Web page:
“The time has come – I want to put my business on the market”
In our accounting business, this is a phrase we hear from our clients from time to time. I suspect we may hear it quite a bit more over the coming few years.
It has been said for quite some time now that “baby boomers” will be retiring in droves and there will be a huge number of businesses going on the market. Well, we haven’t quite seen that yet.
Anecdotal evidence suggests that these “baby boomers” may have been holding off selling because they don’t know what to do afterwards (“what am I going to do after I sell up?”) and perhaps because the GFC delayed them getting a good price.
In any event, we will likely see more businesses changing hands soon, so if you are thinking of selling, it may pay you to read on…….
We recently assisted a client to sell their business. Our client was a long standing one – he and his wife had been in the business for over 30 years and had done pretty well. As with most businesses, there had been some lean years but overall the business had provided them with a good life.
They used a broker to help them sell the business. The broker found the buyer and facilitated the necessary communication and agreements between the parties. Using a good broker can help the process hugely. Brokers already know a range of potential buyers and can often match those with the seller.
There was a time for due diligence – this is where a price is already agreed on but the deal is still subject to the purchaser checking “under the bonnet” to make sure the business runs well and what is being represented by the seller is in fact true eg are the sales that are reported, actually there & likely to be there in the future?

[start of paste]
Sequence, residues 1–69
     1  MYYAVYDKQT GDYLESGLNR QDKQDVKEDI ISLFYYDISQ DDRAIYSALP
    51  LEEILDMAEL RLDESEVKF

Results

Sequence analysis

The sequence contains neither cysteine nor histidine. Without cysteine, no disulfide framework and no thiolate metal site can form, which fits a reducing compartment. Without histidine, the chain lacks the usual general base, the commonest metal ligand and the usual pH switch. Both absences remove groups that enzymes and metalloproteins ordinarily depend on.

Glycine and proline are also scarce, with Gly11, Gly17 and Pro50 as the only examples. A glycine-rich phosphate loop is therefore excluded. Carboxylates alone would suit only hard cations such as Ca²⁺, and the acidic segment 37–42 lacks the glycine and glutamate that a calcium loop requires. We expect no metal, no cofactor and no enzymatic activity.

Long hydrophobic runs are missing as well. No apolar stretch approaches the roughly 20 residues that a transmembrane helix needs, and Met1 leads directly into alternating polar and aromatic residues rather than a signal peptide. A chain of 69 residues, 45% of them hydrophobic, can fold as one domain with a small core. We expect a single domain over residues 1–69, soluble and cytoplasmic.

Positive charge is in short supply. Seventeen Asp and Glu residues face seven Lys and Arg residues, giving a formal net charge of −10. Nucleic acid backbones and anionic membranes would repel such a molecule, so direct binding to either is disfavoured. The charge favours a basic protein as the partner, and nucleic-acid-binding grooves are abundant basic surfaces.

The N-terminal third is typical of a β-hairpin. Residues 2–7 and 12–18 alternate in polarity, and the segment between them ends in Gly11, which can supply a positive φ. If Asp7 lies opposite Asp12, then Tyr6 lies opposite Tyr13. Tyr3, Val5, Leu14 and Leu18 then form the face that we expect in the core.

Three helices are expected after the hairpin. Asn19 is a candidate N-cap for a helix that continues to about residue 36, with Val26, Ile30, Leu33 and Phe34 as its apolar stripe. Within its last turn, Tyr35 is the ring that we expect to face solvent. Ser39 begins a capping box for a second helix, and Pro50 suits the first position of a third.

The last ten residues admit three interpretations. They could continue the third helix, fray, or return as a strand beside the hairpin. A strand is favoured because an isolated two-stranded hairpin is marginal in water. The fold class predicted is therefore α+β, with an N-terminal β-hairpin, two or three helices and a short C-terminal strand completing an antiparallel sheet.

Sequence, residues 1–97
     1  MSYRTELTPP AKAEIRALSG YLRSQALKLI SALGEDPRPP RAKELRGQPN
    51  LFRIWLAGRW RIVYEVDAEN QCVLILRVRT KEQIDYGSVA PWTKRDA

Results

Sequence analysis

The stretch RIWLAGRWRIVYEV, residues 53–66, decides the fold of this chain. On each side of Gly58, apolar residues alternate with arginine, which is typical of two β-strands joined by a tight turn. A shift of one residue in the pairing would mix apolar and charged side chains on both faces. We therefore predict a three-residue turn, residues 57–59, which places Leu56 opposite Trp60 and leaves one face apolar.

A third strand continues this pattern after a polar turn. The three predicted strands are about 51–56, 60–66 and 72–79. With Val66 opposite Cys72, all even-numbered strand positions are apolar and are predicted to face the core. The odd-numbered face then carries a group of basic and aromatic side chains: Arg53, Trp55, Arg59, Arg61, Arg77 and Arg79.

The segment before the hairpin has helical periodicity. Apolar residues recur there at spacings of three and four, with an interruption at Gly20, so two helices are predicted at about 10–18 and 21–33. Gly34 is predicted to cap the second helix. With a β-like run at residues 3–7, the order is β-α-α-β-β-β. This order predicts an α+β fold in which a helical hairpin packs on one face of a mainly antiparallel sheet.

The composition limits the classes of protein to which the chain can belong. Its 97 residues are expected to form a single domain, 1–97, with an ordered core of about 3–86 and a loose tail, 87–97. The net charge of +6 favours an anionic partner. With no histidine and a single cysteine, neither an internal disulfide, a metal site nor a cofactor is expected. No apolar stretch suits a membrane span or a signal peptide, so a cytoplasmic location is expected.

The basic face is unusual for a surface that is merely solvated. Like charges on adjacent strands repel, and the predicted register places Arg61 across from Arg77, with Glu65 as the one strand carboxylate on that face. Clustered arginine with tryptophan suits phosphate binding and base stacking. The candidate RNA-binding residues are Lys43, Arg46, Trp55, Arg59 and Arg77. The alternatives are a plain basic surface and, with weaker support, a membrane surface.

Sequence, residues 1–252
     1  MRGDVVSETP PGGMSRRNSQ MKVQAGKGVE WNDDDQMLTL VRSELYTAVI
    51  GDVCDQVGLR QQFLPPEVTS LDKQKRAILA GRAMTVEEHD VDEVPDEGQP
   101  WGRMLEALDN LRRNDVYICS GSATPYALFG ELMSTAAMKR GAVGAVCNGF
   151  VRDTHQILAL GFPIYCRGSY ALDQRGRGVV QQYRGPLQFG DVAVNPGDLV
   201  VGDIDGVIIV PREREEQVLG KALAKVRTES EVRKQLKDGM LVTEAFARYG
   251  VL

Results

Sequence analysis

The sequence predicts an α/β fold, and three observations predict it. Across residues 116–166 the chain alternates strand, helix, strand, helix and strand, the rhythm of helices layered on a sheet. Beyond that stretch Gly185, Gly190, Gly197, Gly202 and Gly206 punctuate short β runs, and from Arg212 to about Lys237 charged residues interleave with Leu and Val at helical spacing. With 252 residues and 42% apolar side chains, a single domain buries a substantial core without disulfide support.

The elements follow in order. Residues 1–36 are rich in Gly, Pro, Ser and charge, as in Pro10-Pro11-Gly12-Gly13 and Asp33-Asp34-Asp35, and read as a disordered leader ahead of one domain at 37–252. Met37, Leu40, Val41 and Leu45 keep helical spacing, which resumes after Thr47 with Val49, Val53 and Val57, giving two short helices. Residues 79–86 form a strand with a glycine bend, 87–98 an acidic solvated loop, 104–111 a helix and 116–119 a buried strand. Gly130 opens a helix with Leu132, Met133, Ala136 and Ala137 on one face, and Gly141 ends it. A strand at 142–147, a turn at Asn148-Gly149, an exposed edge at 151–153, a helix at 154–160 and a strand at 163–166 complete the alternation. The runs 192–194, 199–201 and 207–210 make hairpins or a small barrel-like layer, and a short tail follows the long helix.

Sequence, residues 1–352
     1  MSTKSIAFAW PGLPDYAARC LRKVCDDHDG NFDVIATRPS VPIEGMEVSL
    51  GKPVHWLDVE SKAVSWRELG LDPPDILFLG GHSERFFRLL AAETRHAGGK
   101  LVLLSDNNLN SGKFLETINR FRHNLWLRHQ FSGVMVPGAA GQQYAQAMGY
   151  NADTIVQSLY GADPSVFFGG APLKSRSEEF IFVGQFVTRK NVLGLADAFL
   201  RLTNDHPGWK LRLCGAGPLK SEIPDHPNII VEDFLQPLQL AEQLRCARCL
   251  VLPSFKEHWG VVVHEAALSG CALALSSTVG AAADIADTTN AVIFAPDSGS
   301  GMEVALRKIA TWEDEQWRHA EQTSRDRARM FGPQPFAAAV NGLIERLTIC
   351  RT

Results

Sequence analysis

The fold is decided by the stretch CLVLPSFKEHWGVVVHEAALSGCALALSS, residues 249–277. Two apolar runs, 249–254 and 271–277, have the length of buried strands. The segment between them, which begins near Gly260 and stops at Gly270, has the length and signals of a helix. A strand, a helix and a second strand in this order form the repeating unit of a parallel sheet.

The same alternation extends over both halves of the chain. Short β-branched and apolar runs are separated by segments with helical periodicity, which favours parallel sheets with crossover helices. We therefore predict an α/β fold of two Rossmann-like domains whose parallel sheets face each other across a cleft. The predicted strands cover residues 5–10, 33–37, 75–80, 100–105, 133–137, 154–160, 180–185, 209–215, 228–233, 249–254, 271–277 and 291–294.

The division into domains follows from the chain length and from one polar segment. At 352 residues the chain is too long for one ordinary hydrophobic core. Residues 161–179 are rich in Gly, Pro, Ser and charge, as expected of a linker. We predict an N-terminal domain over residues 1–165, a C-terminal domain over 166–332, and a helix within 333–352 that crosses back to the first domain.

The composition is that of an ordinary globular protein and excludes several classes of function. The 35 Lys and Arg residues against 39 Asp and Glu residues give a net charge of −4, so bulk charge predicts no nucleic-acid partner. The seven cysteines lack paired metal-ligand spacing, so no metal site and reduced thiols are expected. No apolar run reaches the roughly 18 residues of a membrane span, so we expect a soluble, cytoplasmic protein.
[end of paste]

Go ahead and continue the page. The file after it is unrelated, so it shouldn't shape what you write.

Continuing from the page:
In the end the deal was done and the price paid. But there were a few things that in hindsight we all learned could have been done better. These include:
- While we would all agree that a “gentleman’s agreement” on certain “small things” is an honourable way to go, sometimes after the event it may not be that secure. Our advice – tie down as much as possible in a written signed agreement. This can save a good amount of heartache after the event.
- As the seller, don’t allow the purchaser to make use of your supplier accounts, because they need time to get their own ones sorted. Best they sort this themselves.
- If you are selling stock, tie down the valuation methods clearly and succinctly, and know how you will deal with obsolete stock. Get specific written agreement from the purchaser about that.
Finally understand that when you sell a business that has been part of your life for a long time, there will be an emotional parting from it. There will be a sense of relief but also a sense of loss. Prepare for this well and you will emerge much stronger and ready for the next challenge.